Some urban myths around public available transport.
Surprisingly often I hear the argument that taxis are only for special occasions – and there is no way that some person with an average income could use on-demand transport for their daily commute. The public bus yes – but turning up with a brand-new electric car with a reserved car park in front of the University? Never ever!
In countries where a majority of the population can’t afford to buy their own private car, public transport is often the only means of transportation to get around. I remember very vividly when many years ago I travelled through South America as a backpacker (ergo with not a lot of budget) and very dependent on cheap transport. I recall the “system” in La Paz where countless white vans were parked everywhere and the driver would be calling out is destination – while as many people (and chickens) as possible squeezed into the van, giving the driver a few coins. Off he went high speed through the narrow roads to the destination where at least 5 people wanted to also go, and no public bus would take them. Quite a memorable experience I can tell you! Fascinating talks and insights into the culture I would have probably never hoped to get.
Back in Europe – 20 years later – there is still the perception that you either have to opt for a cheap, but unreliable and slow bus, pay a lot and have the luxury of a taxi drive – or going for the most popular option: the private car. A lot of people have not yet appreciated the change which is happening (including great technologies, so you don’t have to decipher what the driver might be calling out as a destination). There are now many more options to replace the private car and being driven stress-free around without having to break the piggy bank or share your seat with a chicken. In many cases it is even cheaper to use car sharing, ride pooling or micromobility – than owning your own car.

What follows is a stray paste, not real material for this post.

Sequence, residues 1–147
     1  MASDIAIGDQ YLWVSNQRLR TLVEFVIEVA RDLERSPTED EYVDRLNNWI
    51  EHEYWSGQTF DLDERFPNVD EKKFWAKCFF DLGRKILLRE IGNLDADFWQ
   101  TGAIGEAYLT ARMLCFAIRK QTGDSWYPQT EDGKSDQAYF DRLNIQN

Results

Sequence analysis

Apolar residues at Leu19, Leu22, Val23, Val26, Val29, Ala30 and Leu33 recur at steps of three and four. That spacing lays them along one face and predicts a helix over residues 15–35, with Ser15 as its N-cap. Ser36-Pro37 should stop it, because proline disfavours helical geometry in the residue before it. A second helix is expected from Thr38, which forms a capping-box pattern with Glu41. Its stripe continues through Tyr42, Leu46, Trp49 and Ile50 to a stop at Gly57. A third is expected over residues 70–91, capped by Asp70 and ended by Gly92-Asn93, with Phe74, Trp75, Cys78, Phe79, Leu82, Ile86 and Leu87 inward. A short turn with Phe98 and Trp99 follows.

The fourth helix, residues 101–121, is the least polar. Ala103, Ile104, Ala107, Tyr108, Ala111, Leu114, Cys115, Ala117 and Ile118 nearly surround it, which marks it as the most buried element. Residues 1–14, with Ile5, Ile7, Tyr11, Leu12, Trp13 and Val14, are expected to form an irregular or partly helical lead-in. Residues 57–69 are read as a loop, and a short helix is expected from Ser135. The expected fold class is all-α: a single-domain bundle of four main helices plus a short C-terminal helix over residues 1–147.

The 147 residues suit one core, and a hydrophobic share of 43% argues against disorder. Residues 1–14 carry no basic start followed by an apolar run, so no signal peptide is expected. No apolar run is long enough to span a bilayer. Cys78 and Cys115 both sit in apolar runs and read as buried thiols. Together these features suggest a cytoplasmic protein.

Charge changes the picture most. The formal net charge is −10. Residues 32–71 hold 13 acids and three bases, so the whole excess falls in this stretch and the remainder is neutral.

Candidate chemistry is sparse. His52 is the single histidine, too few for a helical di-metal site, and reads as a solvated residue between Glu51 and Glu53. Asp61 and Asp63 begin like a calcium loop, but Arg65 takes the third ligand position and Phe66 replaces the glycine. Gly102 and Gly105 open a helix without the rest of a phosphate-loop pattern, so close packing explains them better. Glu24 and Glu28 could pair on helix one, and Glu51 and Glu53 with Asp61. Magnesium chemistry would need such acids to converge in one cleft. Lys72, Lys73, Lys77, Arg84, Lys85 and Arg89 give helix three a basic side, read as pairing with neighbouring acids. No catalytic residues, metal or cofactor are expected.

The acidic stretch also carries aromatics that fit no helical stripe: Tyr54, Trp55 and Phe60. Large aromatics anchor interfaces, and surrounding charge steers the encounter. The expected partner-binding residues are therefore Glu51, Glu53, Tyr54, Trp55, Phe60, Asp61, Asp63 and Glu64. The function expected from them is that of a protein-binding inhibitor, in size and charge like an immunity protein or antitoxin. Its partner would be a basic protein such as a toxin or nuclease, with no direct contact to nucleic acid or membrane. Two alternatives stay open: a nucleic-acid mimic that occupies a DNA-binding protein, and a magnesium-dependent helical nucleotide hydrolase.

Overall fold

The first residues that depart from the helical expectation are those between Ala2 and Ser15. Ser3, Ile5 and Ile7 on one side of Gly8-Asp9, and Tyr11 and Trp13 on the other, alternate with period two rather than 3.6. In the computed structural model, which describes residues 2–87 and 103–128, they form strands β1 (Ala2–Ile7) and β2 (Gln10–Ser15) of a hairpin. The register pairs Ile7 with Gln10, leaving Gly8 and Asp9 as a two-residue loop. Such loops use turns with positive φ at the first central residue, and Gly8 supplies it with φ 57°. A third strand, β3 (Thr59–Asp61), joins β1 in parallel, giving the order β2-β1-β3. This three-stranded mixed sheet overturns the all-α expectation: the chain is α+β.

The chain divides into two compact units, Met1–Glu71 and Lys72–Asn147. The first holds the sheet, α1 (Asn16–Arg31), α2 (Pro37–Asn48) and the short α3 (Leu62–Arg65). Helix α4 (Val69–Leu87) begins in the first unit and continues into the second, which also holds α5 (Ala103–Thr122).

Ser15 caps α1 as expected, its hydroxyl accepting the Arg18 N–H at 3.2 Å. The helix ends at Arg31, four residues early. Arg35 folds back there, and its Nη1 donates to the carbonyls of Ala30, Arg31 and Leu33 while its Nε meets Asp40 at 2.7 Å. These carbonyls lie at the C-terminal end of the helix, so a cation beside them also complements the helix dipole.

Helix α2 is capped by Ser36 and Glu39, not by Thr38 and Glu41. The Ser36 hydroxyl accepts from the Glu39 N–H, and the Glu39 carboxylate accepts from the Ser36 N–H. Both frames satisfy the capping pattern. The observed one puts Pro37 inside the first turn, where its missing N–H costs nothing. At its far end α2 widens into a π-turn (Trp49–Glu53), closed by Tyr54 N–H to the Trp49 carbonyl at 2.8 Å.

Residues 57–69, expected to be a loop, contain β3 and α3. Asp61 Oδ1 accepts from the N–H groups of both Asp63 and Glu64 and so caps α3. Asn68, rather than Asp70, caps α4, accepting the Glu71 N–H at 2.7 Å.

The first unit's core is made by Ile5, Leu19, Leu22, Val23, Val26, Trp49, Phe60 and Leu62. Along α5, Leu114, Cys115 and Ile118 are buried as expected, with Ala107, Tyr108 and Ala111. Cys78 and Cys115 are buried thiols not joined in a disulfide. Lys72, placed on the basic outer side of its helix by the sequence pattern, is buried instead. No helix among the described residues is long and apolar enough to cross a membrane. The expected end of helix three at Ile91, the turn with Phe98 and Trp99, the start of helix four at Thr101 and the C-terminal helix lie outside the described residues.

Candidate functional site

I did once some rough calculations to see at what point it was more economical to get rid of my private vehicle. If you use your car less than 11,000km a year you would be way better of to use one of the other alternative mobility solutions. Taking into consideration that most Maltese people travel not more than 7,800 km according to an article published by the Times of Malta – you really might want to do some maths for yourselves. In my calculation I had included the purchase price of the car, service, maintenance, insurance, licence fees, fuel and a placeholder for parking (as on public roads parking in Malta is free). What I have not included are time saved by not having to look for a parking space or standing in traffic unable to do anything else, traffic fines – and most importantly the reduction of your carbon footprint.
Go on, sit down and do a bit of maths – you might be surprised about the outcome.
(PS: This is a great exercise for kids learning maths, showing them a practical use of their skills!)